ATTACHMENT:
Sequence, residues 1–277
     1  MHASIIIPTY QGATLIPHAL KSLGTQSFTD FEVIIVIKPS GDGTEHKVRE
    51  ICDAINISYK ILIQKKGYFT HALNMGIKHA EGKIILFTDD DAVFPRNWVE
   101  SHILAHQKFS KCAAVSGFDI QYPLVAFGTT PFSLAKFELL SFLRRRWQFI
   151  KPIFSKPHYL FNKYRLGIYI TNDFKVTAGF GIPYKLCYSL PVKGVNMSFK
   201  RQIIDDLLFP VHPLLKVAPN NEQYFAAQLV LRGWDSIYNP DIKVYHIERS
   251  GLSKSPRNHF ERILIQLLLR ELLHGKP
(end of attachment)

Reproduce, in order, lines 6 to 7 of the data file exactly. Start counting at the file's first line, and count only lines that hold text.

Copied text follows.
   201  RQIIDDLLFP VHPLLKVAPN NEQYFAAQLV LRGWDSIYNP DIKVYHIERS
   251  GLSKSPRNHF ERILIQLLLR ELLHGKP